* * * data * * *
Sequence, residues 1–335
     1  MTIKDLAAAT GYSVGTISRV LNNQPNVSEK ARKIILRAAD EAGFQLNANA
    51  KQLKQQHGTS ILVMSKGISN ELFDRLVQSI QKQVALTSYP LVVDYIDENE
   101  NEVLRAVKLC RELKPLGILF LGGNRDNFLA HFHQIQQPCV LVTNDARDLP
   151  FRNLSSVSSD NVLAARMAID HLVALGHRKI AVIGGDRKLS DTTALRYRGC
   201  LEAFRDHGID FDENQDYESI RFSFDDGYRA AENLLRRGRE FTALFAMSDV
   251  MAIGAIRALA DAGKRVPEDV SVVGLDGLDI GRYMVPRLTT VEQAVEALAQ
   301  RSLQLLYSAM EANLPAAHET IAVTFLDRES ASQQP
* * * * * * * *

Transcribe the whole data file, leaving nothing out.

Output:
Sequence, residues 1–335
     1  MTIKDLAAAT GYSVGTISRV LNNQPNVSEK ARKIILRAAD EAGFQLNANA
    51  KQLKQQHGTS ILVMSKGISN ELFDRLVQSI QKQVALTSYP LVVDYIDENE
   101  NEVLRAVKLC RELKPLGILF LGGNRDNFLA HFHQIQQPCV LVTNDARDLP
   151  FRNLSSVSSD NVLAARMAID HLVALGHRKI AVIGGDRKLS DTTALRYRGC
   201  LEAFRDHGID FDENQDYESI RFSFDDGYRA AENLLRRGRE FTALFAMSDV
   251  MAIGAIRALA DAGKRVPEDV SVVGLDGLDI GRYMVPRLTT VEQAVEALAQ
   301  RSLQLLYSAM EANLPAAHET IAVTFLDRES ASQQP